Federal Judge Deals a Major Blow to Biden's Immigration Agenda


A Texas district judge indefinitely extended the pause on the Biden administration’s attempt to halt deportations for a period of 100 days.

U.S. District Judge Drew Tipton issued an order Tuesday banning the enforcement of the Jan. 20 memorandum indefinitely, Fox News reported.

“Texas claimed injury from unanticipated detention costs is sufficiently concrete and imminent,” the Trump-appointed judge wrote in his order, according to The Texas Tribune.

“The harm is concrete or de facto because Texas incurs real financial costs in detaining criminal aliens.”

The indefinite suspension came after Texas Attorney General Ken Paxton sued the Biden administration in January for ordering a pause on all deportations shortly after taking office.

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An email from the Department of Homeland Security obtained by Fox News showed that U.S. Immigration and Customs Enforcement officials were told to let illegal immigrants go free.

“As of midnight tonight, stop all removals,” the email read. “This includes Mexican bus runs, charter flights and commercial removals (until further notice) … all cases are to be considered [no significant likelihood of removal in foreseeable future].”

Paxton sued, arguing that a deportation moratorium was a violation of federal law, The Associated Press reported.

Texas had signed an agreement with the DHS during the Trump administration that required the state to be consulted prior to any actions that would “reduce, redirect, reprioritize, relax, or in any way modify immigration enforcement.”

Do you think the pause would have further harmed our country?

“Our state defends the largest section of the southern border in the nation,” Paxton said in a statement announcing the lawsuit.

“Failure to properly enforce the law will directly and immediately endanger our citizens and law enforcement personnel.”

Tipton agreed with Paxton at the time and ordered a 14-day suspension of the deportation moratorium, CNN reported.

“In light of the foregoing, the Court finds that the threat of injury to Texas outweighs any potential harm to Defendants and the public interest is served and protected by the issuance of this TRO,” he wrote.

An additional 14-day suspension, through Feb. 23, was ordered at the beginning of this month to give parties more time to “provide for a more fulsome record” to help the court in “adjudicating Texas’s motion for a Preliminary Injunction,” Fox News reported.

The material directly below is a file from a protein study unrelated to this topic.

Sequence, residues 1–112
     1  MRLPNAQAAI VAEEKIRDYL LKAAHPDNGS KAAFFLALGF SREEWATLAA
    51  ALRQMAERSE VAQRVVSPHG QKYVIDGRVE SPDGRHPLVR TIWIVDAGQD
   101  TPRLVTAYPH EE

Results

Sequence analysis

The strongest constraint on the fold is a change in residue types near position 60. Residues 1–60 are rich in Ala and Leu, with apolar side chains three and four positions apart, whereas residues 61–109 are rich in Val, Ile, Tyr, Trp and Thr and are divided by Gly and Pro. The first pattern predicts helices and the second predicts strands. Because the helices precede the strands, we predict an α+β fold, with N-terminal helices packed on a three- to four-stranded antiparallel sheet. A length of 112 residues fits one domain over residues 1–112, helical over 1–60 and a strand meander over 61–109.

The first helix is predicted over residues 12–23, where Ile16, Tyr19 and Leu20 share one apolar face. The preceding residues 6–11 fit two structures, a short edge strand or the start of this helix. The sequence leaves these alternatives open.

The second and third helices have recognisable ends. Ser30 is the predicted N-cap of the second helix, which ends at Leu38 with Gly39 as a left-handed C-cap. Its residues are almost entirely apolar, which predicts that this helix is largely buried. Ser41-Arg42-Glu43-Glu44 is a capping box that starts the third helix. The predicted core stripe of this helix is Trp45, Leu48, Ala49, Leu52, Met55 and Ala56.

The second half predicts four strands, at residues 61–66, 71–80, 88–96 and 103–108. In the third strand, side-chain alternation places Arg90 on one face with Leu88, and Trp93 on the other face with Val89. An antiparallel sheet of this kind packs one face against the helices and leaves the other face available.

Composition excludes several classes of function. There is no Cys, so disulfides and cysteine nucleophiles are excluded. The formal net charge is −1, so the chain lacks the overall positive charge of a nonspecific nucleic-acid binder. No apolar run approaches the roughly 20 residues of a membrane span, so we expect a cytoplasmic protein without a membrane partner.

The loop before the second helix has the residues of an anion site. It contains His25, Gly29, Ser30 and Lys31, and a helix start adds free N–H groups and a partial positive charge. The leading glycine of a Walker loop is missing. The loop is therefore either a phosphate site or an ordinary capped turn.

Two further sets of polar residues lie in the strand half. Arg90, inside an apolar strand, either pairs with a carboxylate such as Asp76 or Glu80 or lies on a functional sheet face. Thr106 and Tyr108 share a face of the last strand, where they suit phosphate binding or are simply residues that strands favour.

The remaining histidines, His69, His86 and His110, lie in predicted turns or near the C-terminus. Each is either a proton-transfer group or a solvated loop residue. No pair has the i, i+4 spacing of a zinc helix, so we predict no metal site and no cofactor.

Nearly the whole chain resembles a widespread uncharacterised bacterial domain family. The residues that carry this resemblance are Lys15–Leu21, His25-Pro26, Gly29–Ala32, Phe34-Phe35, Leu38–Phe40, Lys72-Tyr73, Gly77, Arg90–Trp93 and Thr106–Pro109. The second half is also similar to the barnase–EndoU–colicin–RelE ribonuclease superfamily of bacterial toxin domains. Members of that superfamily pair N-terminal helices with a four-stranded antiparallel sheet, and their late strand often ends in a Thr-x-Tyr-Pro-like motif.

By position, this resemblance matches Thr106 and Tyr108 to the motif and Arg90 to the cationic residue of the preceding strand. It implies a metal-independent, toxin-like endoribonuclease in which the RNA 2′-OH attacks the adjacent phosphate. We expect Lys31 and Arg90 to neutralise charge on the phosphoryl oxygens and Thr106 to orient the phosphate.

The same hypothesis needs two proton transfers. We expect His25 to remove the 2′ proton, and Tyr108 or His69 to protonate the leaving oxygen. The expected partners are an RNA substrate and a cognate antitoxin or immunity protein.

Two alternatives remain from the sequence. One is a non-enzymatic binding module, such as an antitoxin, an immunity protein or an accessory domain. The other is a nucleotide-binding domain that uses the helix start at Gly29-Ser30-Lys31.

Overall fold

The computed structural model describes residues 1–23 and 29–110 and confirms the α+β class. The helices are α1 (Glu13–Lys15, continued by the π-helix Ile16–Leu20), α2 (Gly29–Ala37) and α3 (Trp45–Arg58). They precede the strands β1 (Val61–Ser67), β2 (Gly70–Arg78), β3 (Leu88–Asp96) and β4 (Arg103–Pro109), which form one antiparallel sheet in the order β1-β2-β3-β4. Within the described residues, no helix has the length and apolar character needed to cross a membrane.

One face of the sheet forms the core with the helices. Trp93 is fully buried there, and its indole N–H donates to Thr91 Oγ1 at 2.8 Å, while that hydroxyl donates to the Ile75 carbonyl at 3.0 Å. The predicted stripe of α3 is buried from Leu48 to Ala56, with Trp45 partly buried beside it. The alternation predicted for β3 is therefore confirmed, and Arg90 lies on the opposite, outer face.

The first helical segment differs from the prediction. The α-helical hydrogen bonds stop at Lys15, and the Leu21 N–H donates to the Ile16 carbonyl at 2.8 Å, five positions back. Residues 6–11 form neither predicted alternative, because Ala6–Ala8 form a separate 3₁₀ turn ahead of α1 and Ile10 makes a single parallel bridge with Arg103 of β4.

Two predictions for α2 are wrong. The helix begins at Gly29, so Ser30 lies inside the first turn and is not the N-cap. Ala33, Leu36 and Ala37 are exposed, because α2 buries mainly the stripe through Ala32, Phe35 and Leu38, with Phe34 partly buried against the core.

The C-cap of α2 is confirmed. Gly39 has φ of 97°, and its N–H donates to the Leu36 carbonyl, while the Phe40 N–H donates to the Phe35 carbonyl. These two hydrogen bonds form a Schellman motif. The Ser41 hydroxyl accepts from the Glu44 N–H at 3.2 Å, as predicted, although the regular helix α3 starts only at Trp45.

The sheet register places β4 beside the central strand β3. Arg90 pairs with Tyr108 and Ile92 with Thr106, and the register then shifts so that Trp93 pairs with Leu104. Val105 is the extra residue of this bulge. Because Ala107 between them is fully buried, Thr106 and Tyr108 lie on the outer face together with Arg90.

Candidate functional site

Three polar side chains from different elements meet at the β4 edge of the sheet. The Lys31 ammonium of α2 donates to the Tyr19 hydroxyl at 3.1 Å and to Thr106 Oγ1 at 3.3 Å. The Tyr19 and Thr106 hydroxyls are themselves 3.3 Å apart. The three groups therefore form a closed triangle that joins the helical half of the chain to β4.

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Biden had campaigned on the 100-day pause as part of his immigration agenda, according to Fox News.

That “pause” would exclude people who are found to have engaged in terrorism or espionage or to pose a danger to national security.

Deportations may also still be sought for individuals who have recently entered the country illegally and individuals who served time in prison for aggravated felonies.

ICE said it will still deport those who commit serious crimes.

“The commission of an aggravated felony is the most conclusive proof of a public safety threat,” ICE spokeswoman Jenny Burke said in a statement. “ICE retains its unlimited discretion to evaluate any conduct in defining a public safety threat.”

DHS director Tae Johnson told his staff that illegal immigrants with records of violent behavior, gang affiliations or aggravated felonies should be considered public safety threats who might qualify for deportations. Crimes such as murder, rape, child abuse and major drug offenses would be included, he said.

Tipton was appointed to the bench by former President Donald Trump last February. He was confirmed by the Senate on June 3.

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Erin Coates was an editor for The Western Journal for over two years before becoming a news writer. A University of Oregon graduate, Erin has conducted research in data journalism and contributed to various publications as a writer and editor.
Erin Coates was an editor for The Western Journal for over two years before becoming a news writer. She grew up in San Diego, California, proceeding to attend the University of Oregon and graduate with honors holding a degree in journalism. During her time in Oregon, Erin was an associate editor for Ethos Magazine and a freelance writer for Eugene Magazine. She has conducted research in data journalism, which has been published in the book “Data Journalism: Past, Present and Future.” Erin is an avid runner with a heart for encouraging young girls and has served as a coach for the organization Girls on the Run. As a writer and editor, Erin strives to promote social dialogue and tell the story of those around her.
Tucson, Arizona
Graduated with Honors
Bachelor of Arts in Journalism, University of Oregon
Books Written
Contributor for Data Journalism: Past, Present and Future
Prescott, Arizona
Languages Spoken
English, French
Topics of Expertise
Politics, Health, Entertainment, Faith